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Advocates and business leaders warn against sabotaging groundbreaking efforts to make most used plastics recyclable

More than two dozen statewide advocates and business leaders are cautioning lawmakers against hastily-written legislation introduced at the 11th hour that would snatch defeat from the jaws of victory when it comes to addressing New York’s waste crisis.

Responding to legislation introduced by Assemblymember Steve Englebright just 12 days before lawmakers are set to leave Albany, advocates warn that a provision in the well-intentioned legislation setting up an “extended producer responsibility (EPR) program” to curb plastic waste would prevent cutting-edge recycling facilities – already helping address the plastic waste crisis in nearly twenty other states – from operating in New York and close the door to more than $500 million in new economic activity annually.

This recycling technology, known as advanced recycling, would represent one of the most significant private investments in New York’s green economy – recycling more than 90% of used plastics, as opposed to the 10% we recycle now, and bringing with it hundreds of millions of dollars annually in economic output, hundreds of new green-collar jobs, and the potential to displace some 800,000 tons of used plastic from landfills each year. Despite the opportunity promised by advanced recycling, Assemblymember Englebright’s bill, as currently written, would ban these sustainable facilities from operating in New York.

“For more than a decade, our company has committed itself to reducing the amount of used plastics that end up in landfills, streets, water resources, and parks. Operating advanced recycling facilities has been central to our success,” said Michael Moreno, Co-Founder and Chief Operating Officer of Braven Environmental. “We’re based in Yonkers, yet if Assemblymember Englebright’s well-intentioned but misguided EPR bill were to pass, we would be forbidden from operating advanced recycling facilities in our own backyard and from doing our part to reduce plastic waste in our home state.”

“Upstate New York’s economy is recovering from the impacts of the pandemic,” said Justin Wilcox, executive director of Upstate United. “Modernizing our recycling infrastructure to generate local investment, jobs, and economic activity is very important right now. While seemingly well-intentioned, Assemblymember Englebright’s bill won’t solve the waste crisis as it is currently written. It will only prevent proven economic and environmental solutions like advanced recycling from being introduced in New York and create more hardship for Upstate communities and economy.”

Despite more than a dozen co-sponsors from all corners of the state signing onto the advanced recycling bill already introduced by Senator John Mannion (D-Geddes) and Assemblymember Alicia Hyndman (D-Queens) and overwhelming support among New York voters on both sides of the aisle to leverage advanced recycling as a plastic waste solution, Assemblymember Englebright’s last-minute legislation would inadvertently prevent New York from joining the growing ranks of 18 other states depending on this burgeoning green-technology to address the waste crisis.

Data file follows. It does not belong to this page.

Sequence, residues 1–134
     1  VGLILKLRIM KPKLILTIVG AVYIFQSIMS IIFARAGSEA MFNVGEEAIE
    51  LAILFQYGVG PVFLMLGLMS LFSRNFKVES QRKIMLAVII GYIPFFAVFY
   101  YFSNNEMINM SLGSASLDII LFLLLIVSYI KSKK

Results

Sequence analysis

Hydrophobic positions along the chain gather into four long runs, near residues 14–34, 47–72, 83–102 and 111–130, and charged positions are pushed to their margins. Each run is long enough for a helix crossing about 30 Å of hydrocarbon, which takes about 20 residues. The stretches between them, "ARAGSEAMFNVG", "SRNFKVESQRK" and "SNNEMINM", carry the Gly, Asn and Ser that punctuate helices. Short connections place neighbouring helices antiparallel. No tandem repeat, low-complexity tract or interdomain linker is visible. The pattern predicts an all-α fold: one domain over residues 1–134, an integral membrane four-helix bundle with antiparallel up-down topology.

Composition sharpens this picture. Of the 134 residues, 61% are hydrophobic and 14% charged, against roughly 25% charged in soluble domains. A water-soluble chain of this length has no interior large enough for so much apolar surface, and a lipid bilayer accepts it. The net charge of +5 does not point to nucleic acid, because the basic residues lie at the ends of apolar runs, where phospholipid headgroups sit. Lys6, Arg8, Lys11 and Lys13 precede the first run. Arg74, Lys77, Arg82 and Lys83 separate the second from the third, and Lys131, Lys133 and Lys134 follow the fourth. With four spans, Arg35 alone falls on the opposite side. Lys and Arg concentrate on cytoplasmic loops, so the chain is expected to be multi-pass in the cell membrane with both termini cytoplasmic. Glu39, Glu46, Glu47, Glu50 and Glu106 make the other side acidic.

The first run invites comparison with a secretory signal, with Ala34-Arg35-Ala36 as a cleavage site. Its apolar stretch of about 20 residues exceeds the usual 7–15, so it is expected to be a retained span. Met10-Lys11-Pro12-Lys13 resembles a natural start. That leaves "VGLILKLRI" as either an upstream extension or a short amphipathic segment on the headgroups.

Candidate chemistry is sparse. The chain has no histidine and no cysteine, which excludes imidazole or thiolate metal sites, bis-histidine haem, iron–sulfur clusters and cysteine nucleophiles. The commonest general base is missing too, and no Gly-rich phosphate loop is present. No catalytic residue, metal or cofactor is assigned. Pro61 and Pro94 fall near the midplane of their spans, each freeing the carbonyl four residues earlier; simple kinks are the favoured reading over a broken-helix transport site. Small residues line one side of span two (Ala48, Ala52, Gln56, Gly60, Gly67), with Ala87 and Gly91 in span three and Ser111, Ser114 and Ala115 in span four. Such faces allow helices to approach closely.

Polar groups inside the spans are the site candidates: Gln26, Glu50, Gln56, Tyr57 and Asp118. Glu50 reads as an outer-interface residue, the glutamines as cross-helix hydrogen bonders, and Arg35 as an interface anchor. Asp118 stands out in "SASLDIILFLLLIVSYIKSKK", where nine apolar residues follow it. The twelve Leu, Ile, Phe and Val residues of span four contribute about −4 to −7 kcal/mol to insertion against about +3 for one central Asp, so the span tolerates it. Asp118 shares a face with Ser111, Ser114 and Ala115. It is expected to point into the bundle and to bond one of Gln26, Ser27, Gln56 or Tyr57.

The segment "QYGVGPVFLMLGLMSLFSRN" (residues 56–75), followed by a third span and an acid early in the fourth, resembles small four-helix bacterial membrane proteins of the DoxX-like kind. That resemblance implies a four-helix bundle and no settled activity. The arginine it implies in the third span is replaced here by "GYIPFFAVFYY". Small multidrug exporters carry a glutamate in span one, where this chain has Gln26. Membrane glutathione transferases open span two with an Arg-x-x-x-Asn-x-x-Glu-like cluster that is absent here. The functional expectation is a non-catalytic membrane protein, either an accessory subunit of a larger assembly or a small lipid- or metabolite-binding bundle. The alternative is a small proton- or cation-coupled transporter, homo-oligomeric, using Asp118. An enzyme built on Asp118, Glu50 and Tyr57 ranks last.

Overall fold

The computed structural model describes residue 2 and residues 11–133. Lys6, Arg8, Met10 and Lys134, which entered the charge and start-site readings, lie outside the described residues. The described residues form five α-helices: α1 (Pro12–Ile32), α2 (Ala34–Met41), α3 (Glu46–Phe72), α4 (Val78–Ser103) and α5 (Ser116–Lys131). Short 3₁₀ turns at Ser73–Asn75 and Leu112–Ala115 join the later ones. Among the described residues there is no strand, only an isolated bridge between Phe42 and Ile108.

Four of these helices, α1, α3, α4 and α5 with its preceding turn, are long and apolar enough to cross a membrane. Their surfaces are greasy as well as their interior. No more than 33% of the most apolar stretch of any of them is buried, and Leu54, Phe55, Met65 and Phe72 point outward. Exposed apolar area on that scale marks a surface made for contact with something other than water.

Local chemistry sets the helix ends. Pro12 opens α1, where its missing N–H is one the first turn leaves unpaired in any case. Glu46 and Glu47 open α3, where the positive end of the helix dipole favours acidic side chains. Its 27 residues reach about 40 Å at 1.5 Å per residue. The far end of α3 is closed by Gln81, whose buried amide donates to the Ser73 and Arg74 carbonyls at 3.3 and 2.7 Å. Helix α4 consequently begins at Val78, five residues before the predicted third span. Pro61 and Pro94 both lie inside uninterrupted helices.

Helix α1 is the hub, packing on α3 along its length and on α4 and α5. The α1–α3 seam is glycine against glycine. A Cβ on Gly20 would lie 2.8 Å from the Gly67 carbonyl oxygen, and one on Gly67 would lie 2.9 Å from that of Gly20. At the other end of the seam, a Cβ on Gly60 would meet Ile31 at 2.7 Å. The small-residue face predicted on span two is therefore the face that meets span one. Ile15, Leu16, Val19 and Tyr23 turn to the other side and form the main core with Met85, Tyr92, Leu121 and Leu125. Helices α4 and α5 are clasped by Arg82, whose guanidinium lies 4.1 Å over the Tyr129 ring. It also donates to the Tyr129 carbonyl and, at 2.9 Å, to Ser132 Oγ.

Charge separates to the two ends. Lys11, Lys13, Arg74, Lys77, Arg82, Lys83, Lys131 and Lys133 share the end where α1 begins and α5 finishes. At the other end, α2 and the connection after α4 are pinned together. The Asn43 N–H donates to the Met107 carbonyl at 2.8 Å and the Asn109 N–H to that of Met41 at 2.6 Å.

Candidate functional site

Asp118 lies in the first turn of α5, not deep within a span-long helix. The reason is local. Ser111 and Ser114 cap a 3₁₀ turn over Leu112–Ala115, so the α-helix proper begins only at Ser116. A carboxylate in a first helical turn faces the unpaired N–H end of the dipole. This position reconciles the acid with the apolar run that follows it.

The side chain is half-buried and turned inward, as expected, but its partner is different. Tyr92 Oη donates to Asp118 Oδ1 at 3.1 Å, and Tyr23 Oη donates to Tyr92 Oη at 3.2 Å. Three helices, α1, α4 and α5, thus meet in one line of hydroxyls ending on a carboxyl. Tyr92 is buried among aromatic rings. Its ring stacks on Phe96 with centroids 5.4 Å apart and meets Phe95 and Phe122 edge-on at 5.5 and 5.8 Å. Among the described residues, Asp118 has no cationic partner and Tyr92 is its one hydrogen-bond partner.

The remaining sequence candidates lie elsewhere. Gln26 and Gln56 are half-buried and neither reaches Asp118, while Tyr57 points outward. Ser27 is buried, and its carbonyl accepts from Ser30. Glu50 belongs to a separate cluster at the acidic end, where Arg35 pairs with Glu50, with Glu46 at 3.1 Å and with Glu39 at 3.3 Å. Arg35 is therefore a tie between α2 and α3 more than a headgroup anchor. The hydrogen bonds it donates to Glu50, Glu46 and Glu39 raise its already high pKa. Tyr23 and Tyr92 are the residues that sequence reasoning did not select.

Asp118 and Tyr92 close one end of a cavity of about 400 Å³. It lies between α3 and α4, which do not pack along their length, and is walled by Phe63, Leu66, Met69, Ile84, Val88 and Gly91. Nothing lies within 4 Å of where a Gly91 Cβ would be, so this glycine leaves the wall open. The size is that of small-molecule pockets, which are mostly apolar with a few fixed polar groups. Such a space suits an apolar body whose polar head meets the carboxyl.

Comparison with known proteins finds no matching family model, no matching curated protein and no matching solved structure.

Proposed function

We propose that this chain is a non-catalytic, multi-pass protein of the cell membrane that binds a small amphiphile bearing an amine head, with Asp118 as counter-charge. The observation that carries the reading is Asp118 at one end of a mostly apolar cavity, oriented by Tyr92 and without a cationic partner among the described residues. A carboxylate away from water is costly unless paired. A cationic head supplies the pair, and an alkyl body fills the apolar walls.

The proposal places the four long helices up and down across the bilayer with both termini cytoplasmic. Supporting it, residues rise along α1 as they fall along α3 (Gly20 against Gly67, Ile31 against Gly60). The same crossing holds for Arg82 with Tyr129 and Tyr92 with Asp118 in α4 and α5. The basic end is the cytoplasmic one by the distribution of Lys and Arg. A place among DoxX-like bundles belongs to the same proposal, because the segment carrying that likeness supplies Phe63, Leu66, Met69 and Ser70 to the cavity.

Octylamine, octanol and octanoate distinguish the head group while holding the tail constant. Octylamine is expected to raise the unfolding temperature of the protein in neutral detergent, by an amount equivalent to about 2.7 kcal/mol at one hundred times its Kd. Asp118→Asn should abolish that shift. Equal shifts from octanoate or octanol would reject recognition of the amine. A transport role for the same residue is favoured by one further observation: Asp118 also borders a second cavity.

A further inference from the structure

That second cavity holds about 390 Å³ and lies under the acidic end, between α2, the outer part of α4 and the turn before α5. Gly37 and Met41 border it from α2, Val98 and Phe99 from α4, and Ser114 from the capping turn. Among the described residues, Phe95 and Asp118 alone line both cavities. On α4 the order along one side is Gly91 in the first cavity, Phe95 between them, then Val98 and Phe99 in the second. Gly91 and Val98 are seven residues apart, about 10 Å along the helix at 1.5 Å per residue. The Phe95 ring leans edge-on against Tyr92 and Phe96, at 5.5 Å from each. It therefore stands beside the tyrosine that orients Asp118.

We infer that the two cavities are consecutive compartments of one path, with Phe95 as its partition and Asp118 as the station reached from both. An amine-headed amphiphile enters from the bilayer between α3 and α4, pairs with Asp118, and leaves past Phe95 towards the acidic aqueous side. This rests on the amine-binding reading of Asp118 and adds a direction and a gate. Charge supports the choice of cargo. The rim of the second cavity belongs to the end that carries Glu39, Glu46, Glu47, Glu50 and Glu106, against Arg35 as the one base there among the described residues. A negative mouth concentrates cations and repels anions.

Similar EPR bills have been passed in other states, including most recently Colorado, yet none of them have included language that would ban advanced recycling from helping modernize statewide recycling infrastructure.

“We’ve seen firsthand the benefits that advanced recycling has brought to many other states,” said Craig Cookson, Senior Director of Plastics Sustainability, American Chemistry Council. “To forbid private companies operating these cutting-edge, sustainable recycling facilities in other states from doing their part to vastly expand the number of plastics that are recyclable in New York is counterproductive to the very intentions of the Assemblymember’s bill. EPR programs must engage stakeholders for expert input to get right. 12 days is a rush job that will create real repercussions for businesses and consumers across the state.”

“There’s certainly a need to address the state’s recycling infrastructure but passing hastily-written legislation in the final days of session will create more problems than it will solve,” said Ashley Ranslow, New York State Director of The National Federation of Independent Business (NFIB). “As currently written, this legislation would prevent New York from utilizing new technologies and modernizing its recycling infrastructure while also adding burdensome regulations and driving up costs for small businesses. The state should be focused on easing the load on small businesses, driving down costs, and creating jobs, not intensifying the state’s standing as a difficult and expensive state to do business in.”

In addition to this legislation cutting New York off from a burgeoning $5 billion green industry, it also contains an overly broad ban of packaging that disregards sound science and could have major unintended socioeconomic, environmental and public health consequences by arbitrarily eliminating packaging best suited for food preservation, medical supply and device protection and hazardous materials containers.

Advocates also say that this legislation introduced at the 11th hour lacks input from key stakeholders and fails to effectively evaluate cost analysis or market impact studies, leading to overly aggressive and unworkable mandates and timelines.

The group of advocates and business leaders addressed their concerns about the legislation in a letter sent to New York State lawmakers this week, which can be found here.